Based on the same technology as the ubiquitous 3D printer, these pens use plastic as ink, making for a writing or drawing experience that literally stands out from the page.
3D pens use ABS or PLA plastic which is fed into the pen in 1.75mm – 3mm strips and melted by a heating element in the barrel. As the ink leaves the pen, it cools and hardens into whatever shape the writer has created.
As you can see, words, drawings, objects: all rendered horizontally and vertically in about the same amount of time it would take for a really wet ink to dry.
The 3Doodler was the first mass-market 3D pen, launched in 2013. It started as an idea at the Artisan’s Asylum in Boston and went on to become a huge Kickstarter campaign. The 3Doodler, offered at US$99, smashed its initial five-figure funding goal and raised more than US$2.3 million. Reviewers were generally positive about the 3D pen.
Since then, competitors have emerged onto the market, among them the 3DAirpen, the SwissPen (it raced 3Doodler to the retail market) and the LIX, which bills itself as the world’s smallest 3D pen and was successfully funded through its own 2014 Kickstarter campaign that raised more than £700,000.
3D pens are capable of creating fascinating works of art in the hands of skilled, patient craftsmen, but keep in mind that your mileage may vary. Also, not all 3D pens are created equal.
Barnacule from Barnacule’s Nerdgasm tried out the Dim 3W Smart 3D Printing Pen he got last year from a Massdrop deal. The pen, then in its first generation, did not perform spectacularly, but his detailed first look gives you an excellent example of how 3D pens operate.
Dim3Printing now expects to release a new generation 3D pen some time later this year.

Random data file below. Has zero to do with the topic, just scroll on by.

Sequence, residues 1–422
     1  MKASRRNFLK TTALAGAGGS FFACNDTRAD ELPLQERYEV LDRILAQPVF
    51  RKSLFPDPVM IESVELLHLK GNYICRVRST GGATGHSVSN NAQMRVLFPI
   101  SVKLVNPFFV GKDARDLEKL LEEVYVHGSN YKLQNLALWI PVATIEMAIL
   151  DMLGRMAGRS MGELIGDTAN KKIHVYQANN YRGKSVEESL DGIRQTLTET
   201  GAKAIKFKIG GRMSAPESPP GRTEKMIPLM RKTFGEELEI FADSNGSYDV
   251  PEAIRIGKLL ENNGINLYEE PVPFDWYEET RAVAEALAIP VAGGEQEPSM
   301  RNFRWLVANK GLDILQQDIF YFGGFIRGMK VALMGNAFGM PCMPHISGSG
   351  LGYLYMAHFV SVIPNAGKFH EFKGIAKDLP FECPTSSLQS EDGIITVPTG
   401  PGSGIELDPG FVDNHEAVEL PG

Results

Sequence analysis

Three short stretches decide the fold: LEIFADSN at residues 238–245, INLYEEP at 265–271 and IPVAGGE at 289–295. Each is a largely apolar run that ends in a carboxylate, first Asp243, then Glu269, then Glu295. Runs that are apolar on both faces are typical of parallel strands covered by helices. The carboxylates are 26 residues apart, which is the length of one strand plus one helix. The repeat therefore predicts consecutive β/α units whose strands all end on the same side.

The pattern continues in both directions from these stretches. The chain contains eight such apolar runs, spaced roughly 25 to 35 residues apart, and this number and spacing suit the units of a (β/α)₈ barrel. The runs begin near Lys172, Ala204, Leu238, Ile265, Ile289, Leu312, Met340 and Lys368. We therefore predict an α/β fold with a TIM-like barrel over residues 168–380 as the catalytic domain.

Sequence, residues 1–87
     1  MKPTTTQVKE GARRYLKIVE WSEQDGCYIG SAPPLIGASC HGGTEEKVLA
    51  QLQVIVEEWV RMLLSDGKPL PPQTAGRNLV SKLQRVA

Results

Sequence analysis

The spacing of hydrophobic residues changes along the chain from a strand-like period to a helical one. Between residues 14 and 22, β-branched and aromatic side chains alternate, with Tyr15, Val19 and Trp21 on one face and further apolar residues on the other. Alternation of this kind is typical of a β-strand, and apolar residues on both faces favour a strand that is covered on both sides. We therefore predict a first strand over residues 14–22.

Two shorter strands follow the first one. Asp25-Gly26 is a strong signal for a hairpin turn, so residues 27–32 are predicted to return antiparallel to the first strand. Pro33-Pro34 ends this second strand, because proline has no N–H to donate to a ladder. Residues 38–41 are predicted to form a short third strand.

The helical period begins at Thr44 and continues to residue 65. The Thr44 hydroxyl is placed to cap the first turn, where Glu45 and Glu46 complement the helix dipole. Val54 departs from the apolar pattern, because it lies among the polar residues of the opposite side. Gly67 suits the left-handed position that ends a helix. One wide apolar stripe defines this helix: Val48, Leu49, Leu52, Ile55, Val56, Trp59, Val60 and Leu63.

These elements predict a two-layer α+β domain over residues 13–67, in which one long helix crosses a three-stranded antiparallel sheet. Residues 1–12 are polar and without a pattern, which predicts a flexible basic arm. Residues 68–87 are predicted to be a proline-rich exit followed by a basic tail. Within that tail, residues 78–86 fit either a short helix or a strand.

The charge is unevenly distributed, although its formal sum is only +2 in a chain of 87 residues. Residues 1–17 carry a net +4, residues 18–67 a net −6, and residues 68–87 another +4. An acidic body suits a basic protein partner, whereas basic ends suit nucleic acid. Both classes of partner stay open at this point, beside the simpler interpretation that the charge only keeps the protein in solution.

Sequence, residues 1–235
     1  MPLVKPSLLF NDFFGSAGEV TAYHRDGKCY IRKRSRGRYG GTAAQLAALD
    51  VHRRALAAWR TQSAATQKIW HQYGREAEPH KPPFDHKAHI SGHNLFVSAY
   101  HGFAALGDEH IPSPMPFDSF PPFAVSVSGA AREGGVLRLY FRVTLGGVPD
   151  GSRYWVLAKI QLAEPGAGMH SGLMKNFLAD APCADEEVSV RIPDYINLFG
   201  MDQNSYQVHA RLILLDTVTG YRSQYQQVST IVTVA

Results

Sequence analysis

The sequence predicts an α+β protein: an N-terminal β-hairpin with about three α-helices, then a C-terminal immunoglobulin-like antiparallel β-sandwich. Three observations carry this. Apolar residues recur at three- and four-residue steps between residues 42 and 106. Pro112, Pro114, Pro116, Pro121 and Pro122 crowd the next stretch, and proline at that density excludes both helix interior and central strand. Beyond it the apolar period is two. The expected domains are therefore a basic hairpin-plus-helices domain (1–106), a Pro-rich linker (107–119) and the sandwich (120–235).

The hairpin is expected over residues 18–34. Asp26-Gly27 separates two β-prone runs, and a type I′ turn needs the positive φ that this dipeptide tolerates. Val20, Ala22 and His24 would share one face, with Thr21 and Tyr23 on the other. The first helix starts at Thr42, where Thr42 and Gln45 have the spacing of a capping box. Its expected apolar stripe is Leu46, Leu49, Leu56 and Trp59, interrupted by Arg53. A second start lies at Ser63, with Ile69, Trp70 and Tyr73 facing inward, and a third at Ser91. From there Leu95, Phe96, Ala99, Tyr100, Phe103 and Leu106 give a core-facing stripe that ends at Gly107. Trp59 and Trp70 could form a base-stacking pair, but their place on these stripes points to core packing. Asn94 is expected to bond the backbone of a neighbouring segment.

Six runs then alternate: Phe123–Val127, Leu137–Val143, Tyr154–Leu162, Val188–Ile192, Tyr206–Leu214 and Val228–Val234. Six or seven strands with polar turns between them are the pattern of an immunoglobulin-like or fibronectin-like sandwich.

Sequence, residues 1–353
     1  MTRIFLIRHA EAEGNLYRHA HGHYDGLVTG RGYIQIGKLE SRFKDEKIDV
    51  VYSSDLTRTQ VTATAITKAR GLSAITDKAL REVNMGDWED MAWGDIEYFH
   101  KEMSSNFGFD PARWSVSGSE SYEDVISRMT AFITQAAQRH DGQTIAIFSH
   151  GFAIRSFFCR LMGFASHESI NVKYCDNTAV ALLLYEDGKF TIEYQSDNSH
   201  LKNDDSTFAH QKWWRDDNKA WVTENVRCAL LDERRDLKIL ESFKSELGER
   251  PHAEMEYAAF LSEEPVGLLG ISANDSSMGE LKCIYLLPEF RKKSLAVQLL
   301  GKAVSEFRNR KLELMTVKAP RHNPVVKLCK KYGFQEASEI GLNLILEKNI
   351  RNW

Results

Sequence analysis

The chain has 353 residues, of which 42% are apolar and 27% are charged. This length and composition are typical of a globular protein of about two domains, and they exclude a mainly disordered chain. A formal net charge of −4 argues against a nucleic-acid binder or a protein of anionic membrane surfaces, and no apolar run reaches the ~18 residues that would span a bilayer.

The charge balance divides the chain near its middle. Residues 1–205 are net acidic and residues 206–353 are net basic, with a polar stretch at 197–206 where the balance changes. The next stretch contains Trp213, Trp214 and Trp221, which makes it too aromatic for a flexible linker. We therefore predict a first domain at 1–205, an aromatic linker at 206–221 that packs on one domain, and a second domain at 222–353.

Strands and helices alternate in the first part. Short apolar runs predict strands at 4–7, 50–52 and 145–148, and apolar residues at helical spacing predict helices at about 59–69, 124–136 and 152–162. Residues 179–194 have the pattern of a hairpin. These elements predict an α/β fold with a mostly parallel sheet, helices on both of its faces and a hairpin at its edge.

From the CreoPop website:
In contrast to other 3D pens, there are no hot parts, no melting plastic and no unpleasant smell. Instead, CreoPop uses photopolymers that are solidified using LED diodes to let users create amazing 3D designs. Since no heating is required, CreoPop is safe in a home environment with children and pets around. The most innovative feature of CreoPop is the large selection of cool inks available including different colors, elastic ink, magnetic ink, glow-in-the-dark ink, temperature sensitive ink and body paint ink.
Mashable tried out the CreoPop 3D pen and found it impressive, although the reviewer noted that it would require a high degree of skill to use.
The CreoPop pen is not yet widely available on the market. The company is currently taking preorders and expects to begin shipping the 3D pens in April.
A competitor, the Polyes Q1, is wrapping up a Kickstarter campaign that had already surpassed its US$50,000 fund-raising goal with more than a month left to go.
If any of our readers have used one of these 3D pens, or is planning to get one in the near future, we’d love to hear about your experiences and see some of your creations.